- Creating a plan for healthy living: Besides being prepared for high-risk situations, relapse prevention also focuses on general principles of mental health that, if followed, greatly reduce the likelihood of symptoms. These include factors such as balanced nutrition, regular exercise, sufficient sleep, health education, reciprocally caring relationships, productive and recreational interests, and spiritual development.
- Developing a support system: Many research studies have demonstrated the importance of social support in maintaining a healthy lifestyle. Individuals who are socially isolated tend to display more symptoms of mental disorders. Conversely, individuals with mental disorders tend to have more difficultly initiating and maintaining relationships due to inappropriate social behavior. For such people, a support system may be nonexistent. Research suggests that support systems are most effective when they are naturally occurring—in other words, when a circle of family and friends who genuinely care about the individual is already in place. However, artificially created support systems are certainly better than none at all. For this reason, relapse prevention programs strive to involve family members and other significant persons in the treatment program. Everyone in the support system should be knowledgeable about the person’s goals, what that person is like when he or she is doing well, and warning signs that the person may be on a path toward relapse. The support system agrees on who will take what role in encouraging, confronting, or otherwise caring for that person. Self-help groups such as Alcoholics Anonymous or Moderation Management are often examples of artificially created support systems.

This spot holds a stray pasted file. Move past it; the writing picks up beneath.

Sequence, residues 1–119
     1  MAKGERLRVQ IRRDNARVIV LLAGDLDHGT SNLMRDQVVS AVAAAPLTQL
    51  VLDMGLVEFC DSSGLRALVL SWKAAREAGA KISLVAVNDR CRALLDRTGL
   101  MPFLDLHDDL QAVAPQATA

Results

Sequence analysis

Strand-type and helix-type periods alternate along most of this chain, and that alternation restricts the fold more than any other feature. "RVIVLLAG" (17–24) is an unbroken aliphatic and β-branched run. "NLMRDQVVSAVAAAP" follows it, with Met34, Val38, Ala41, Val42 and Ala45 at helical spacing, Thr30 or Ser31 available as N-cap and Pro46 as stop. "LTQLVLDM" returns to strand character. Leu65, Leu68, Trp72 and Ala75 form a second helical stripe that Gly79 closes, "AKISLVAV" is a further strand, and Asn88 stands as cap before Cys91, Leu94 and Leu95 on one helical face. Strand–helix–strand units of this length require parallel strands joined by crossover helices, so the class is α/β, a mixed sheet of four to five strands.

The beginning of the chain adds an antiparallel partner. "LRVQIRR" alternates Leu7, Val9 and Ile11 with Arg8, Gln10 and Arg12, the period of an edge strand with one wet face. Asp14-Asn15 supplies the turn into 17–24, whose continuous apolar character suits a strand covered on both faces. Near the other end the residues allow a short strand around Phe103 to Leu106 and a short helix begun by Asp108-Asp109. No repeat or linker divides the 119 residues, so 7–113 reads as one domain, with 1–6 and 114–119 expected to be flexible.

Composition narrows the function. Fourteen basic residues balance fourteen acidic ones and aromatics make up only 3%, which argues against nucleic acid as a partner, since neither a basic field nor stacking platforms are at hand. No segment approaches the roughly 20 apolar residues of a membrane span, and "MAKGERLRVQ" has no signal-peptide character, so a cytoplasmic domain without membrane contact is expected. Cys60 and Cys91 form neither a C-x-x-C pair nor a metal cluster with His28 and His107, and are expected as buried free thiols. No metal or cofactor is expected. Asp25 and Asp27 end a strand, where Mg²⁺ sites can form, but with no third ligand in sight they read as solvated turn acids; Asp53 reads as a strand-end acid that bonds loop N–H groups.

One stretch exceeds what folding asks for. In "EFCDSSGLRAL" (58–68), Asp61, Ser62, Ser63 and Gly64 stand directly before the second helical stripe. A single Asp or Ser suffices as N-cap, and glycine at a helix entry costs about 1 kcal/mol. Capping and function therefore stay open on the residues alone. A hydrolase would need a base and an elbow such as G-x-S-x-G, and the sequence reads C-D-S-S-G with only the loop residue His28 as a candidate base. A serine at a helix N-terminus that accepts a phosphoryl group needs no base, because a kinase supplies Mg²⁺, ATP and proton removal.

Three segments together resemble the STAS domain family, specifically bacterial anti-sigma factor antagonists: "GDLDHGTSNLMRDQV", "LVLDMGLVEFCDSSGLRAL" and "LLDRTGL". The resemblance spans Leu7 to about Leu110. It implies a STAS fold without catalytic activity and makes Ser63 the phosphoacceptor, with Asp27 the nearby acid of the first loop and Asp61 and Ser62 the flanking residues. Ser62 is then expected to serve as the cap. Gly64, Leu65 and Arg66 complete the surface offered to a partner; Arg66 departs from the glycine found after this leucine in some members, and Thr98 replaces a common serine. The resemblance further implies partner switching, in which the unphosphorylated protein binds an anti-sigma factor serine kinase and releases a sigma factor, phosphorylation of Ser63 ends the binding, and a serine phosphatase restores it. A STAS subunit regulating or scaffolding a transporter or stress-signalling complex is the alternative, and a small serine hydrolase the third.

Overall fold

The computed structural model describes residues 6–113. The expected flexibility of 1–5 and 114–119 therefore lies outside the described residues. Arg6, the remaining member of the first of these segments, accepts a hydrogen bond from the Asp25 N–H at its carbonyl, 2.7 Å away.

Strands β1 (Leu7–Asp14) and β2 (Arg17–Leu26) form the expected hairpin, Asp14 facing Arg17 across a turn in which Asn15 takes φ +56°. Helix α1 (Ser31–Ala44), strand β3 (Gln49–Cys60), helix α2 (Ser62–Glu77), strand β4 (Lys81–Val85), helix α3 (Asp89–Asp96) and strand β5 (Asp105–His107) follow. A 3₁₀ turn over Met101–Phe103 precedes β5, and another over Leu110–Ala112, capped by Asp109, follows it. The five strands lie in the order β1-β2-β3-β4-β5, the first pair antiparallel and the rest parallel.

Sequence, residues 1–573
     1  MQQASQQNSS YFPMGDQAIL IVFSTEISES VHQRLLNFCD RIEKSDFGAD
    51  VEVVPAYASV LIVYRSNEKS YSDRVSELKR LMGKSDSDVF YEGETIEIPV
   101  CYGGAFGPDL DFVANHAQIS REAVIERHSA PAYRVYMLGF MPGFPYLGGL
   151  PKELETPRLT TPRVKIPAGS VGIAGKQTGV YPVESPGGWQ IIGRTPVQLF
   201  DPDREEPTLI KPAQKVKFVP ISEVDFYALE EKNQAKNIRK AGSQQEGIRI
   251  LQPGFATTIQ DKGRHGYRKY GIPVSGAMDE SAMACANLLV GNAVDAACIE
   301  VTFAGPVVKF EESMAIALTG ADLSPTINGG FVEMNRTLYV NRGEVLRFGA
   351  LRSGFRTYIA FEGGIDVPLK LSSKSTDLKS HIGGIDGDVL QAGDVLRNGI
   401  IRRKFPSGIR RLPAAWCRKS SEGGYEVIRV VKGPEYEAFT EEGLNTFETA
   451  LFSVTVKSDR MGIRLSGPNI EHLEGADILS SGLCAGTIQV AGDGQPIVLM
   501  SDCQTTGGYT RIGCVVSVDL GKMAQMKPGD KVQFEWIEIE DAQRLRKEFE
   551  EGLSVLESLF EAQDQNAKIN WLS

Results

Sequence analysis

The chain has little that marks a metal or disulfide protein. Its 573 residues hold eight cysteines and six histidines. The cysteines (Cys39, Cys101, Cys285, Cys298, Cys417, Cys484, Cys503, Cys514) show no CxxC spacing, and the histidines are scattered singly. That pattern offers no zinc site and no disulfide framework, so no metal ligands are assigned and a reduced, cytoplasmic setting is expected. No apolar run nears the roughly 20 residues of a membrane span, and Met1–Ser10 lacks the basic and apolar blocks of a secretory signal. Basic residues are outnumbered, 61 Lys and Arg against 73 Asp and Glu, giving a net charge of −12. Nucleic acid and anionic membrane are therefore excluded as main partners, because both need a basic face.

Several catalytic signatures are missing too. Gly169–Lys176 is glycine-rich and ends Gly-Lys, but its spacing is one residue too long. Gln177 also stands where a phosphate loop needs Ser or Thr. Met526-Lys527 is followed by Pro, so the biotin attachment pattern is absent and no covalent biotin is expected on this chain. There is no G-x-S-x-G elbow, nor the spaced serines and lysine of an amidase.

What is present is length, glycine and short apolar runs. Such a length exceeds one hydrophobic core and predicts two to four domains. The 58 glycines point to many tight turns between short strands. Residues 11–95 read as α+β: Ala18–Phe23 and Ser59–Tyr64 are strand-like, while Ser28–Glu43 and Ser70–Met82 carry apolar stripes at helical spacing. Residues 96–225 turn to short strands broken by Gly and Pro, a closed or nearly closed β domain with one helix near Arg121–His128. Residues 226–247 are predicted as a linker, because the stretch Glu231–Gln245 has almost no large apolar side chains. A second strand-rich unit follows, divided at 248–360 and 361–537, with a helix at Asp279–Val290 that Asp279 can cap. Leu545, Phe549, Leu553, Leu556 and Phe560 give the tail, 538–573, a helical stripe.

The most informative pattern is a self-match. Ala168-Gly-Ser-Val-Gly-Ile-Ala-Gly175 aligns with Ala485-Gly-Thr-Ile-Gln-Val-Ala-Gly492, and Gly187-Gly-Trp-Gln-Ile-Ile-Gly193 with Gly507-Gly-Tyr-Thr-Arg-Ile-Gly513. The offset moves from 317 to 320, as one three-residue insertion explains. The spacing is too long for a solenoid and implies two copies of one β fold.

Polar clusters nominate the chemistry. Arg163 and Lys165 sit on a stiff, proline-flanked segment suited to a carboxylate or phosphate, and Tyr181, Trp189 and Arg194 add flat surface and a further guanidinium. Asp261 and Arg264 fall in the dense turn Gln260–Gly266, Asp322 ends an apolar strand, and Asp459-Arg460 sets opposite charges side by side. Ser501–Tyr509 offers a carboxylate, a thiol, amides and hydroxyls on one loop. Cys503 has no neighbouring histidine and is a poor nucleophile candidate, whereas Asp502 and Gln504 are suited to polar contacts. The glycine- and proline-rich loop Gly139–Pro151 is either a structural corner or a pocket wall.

- Preparing for possible relapse: Although the ultimate goal of relapse prevention is to avoid relapse altogether, statistics demonstrate that relapse potential is very real. Individuals need to be aware that, even when exerting their best efforts, they may occasionally experience lapses (one occurrence of a symptom or behavior) or relapses (return to a previous, undesirable level of symptoms or behavior). Acknowledging the potential for relapse is important, because many people consider a lapse or relapse as evidence of personal failure and give up completely. In their widely acclaimed book for professionals, Motivational Interviewing,William R. Miller and Stephen Rollnick cite a study by Prochaska and DiClemente that found that smokers typically relapse between three and seven times before quitting for good. From the perspective of Miller and Rollnick, each relapse can be a step closer to full recovery if relapse is used as a learning experience to improve prevention strategies. Although some argue that such a tolerant attitude invites relapse, general consensus is that individuals need to forgive themselves if relapse occurs and then move on. Some prevention programs include designing a crisis plan to be put into effect if a relapse occurs. The crisis plan involves specific actions to be taken by the individual or members of the support system.
These elements are common to all relapse prevention programs, but programs can be further customized to meet the particular characteristics of a disorder. For example, prevention of depression or anxiety may focus on becoming aware of thoughts as passing mental events rather than facts about self or reality. Learning to identify bodily sensations that accompany maladaptive thoughts is also important for preventing depression and anxiety. Addictive disorders concentrate on reactions to social pressure, interpersonal conflicts, and negative emotional states as part of a relapse prevention plan.